What's On In Lismore City

  • Councillor Briefing

    Tue, Apr 22 2014

    A Councillor Briefing will be held in the Council Chambers, 43 Oliver Avenue, Goonellabah, where Councillors will be briefed on
  • Councillor Briefing

    Tue, Apr 29 2014

    A Councillor Briefing will be held in the Council Chambers, 43 Oliver Avenue, Goonellabah, where Councillors will be briefed on
  • Councillor Interview

    Mon, May 05 2014

    Interview times are available with Councillors Bennett and Clough. Interviews are held at the Goonellabah Sports and Acquati

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HOME >> THINGS TO SEE & DO >> GENERAL INFORMATION ABOUT LISMORE >> HISTORY OF LISMORE

Local Tribes

Unfortunately, little is known or documented on the origins of the local aboriginal Bundjalung tribes, except that they are believed to have been the first inhabitants of the Lismore region. Current evidence indicates the Bundjalung arrived from far northern Australia somewhere around 6000 years BC. They occupied the region extending from the Logan River in Queensland to as far south as the Clarence River in northern New South Wales and west to the Great Dividing Range.

The Bundjalung are of the land and depended on the land for their survival. The tribe and its various family groups moved from one area to the next in search of variety in their diet. The district provided an abundance of native fauna and flora which was hunted and gathered by the Bundjalung. Their nomadic lifestyle maintained the balance between supply and their demand for food. Aboriginal Djagans Aroud Lismore

Representatives from the Bundjalung clans were however permitted from time to time to visit the lands of adjoining clans and share in the hunt when an abundance of a particular type of food was available. They would travel as far north as the Bunya Mountains (up to 500Km) to cut the bunya nut cones which flowered every three years. They camped and fed off the nuts and held aboriginal dances or corroboreees at night. These gatherings provided an opportunity to trade both goods and culture with their neighbours.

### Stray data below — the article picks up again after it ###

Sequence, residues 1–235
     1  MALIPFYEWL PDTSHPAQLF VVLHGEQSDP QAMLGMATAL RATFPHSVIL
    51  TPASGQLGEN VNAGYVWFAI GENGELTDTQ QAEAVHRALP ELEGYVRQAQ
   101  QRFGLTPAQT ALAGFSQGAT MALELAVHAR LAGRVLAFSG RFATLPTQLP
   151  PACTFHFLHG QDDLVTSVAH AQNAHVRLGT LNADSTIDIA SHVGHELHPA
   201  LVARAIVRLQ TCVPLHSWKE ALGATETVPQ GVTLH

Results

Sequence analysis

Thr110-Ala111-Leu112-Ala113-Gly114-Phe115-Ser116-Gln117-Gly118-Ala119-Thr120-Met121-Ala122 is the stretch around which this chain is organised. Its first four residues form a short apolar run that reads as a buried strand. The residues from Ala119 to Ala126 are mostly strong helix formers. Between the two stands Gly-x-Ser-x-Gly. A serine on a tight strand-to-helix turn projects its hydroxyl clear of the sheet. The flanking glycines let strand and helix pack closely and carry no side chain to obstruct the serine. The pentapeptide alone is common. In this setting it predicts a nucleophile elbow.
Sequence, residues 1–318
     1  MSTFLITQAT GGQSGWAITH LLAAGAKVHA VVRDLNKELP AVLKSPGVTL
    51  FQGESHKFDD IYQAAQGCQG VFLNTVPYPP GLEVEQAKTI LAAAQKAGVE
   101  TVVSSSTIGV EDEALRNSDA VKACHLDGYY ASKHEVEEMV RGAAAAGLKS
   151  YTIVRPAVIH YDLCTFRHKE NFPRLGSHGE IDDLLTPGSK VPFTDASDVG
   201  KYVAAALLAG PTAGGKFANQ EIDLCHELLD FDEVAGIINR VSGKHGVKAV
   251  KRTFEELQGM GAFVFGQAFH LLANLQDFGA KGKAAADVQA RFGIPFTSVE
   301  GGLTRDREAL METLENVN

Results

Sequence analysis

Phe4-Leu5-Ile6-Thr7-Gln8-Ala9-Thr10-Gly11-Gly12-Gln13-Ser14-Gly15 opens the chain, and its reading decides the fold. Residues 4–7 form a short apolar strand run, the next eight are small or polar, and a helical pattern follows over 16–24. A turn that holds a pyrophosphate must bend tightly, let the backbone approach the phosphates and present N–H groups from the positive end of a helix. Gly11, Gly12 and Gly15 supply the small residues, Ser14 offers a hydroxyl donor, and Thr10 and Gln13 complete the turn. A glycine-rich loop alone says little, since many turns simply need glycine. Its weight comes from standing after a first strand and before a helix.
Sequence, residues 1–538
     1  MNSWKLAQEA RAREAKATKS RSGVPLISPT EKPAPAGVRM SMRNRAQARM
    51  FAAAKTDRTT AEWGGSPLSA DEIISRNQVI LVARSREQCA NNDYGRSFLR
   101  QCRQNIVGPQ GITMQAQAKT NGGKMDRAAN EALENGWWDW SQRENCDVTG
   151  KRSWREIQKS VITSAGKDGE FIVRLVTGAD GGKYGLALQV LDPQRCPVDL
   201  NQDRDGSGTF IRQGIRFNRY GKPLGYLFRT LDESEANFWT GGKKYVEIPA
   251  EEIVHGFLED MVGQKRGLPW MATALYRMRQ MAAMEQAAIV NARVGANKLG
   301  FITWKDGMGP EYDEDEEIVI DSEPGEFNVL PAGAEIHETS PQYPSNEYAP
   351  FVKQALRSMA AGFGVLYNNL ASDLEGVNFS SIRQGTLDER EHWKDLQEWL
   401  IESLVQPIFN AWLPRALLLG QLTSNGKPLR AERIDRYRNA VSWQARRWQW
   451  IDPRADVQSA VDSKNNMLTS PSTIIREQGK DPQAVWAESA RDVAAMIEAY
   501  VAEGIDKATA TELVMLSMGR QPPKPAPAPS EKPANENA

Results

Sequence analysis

The Bundjalung family clans would travel to the coast to feast on fish, pippies and oysters, and west for larger game such as the wallaby. This food supplemented their regular diet of possum, bird, flying fox, porcupine, reptiles and native plants and berries. Within the clan the women would undertake the gathering while the hunting was left to the men of the tribe.

Life within the tribal group was generally peaceful and governed by strict social and spiritual lore. Marriage was not a ceremony as such but more the giving of a promised girl to a man after the completion of his initiation ceremony. The couples were chosen by the tribal elders with refusal and elopements being frowned upon and in some instances punishable by death.

The Bundjalung Aboriginal tribe comprised eleven major dialectic subdivisions, these were further divided into extended family groups or "hordes". The main group in the Lismore area was the Wiyabal, whose territory also covered Alstonville, Dunoon, Nimbin, Cawongla and Larnook. Each extended family group had its own home territory (or djagun) for hunting and cult-heroes of mythology. The groups were nomadic only within their own territory and trespassing into another groups djagan was forbidden.

The Wiyabal hordes territory roughly co-insides with the present day boundaries of Lismore Local Government Area. The Wiyabal djagun included numerous mythological and sacred sites. The Tucki Tucki bora ring (i.e. initiation site) was a main traditional site along with two other bora rings near the villages of Bentley and Nimbin. Several Djurbils (i.e. ritual sites for beseeching increases of various kinds (e.g. food )) were well known, one for possums at today's Wilson Park, Lismore; and one for echidna at North Lismore on the stone quarry hill. There was a Djurbil for Cat birds at Mount Lion (Jiggi) and one of the most awesome sacred sites to the Wiyabal tribe at Parrots Nest. It was here that the Hoop Pine curse was invoked by the Cooradgi against offenders of the tribal codes. The ritual coincided with the bone pointing procedure common among Aboriginal tribes throughout Australia. Blue Knob and Hanging Rock in the Nimbin district were also very sacred sites for the Wiyabal with deep mythological significance.

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